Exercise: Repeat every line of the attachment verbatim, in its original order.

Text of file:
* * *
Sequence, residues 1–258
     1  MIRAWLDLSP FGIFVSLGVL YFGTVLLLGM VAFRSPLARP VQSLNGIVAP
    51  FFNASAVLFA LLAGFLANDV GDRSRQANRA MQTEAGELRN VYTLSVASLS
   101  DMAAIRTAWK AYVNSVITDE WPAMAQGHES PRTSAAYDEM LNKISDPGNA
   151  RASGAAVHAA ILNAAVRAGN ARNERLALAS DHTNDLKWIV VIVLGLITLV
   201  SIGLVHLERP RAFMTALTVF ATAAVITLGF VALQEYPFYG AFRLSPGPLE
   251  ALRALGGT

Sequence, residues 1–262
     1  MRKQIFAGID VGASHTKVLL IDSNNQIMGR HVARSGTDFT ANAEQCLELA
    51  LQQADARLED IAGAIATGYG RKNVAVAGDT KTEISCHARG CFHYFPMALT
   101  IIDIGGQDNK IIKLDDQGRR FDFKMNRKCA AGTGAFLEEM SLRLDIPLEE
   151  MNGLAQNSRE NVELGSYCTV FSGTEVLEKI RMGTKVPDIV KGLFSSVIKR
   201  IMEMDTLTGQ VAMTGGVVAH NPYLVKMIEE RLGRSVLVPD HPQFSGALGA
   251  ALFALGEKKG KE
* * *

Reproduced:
Sequence, residues 1–258
     1  MIRAWLDLSP FGIFVSLGVL YFGTVLLLGM VAFRSPLARP VQSLNGIVAP
    51  FFNASAVLFA LLAGFLANDV GDRSRQANRA MQTEAGELRN VYTLSVASLS
   101  DMAAIRTAWK AYVNSVITDE WPAMAQGHES PRTSAAYDEM LNKISDPGNA
   151  RASGAAVHAA ILNAAVRAGN ARNERLALAS DHTNDLKWIV VIVLGLITLV
   201  SIGLVHLERP RAFMTALTVF ATAAVITLGF VALQEYPFYG AFRLSPGPLE
   251  ALRALGGT

Sequence, residues 1–262
     1  MRKQIFAGID VGASHTKVLL IDSNNQIMGR HVARSGTDFT ANAEQCLELA
    51  LQQADARLED IAGAIATGYG RKNVAVAGDT KTEISCHARG CFHYFPMALT
   101  IIDIGGQDNK IIKLDDQGRR FDFKMNRKCA AGTGAFLEEM SLRLDIPLEE
   151  MNGLAQNSRE NVELGSYCTV FSGTEVLEKI RMGTKVPDIV KGLFSSVIKR
   201  IMEMDTLTGQ VAMTGGVVAH NPYLVKMIEE RLGRSVLVPD HPQFSGALGA
   251  ALFALGEKKG KE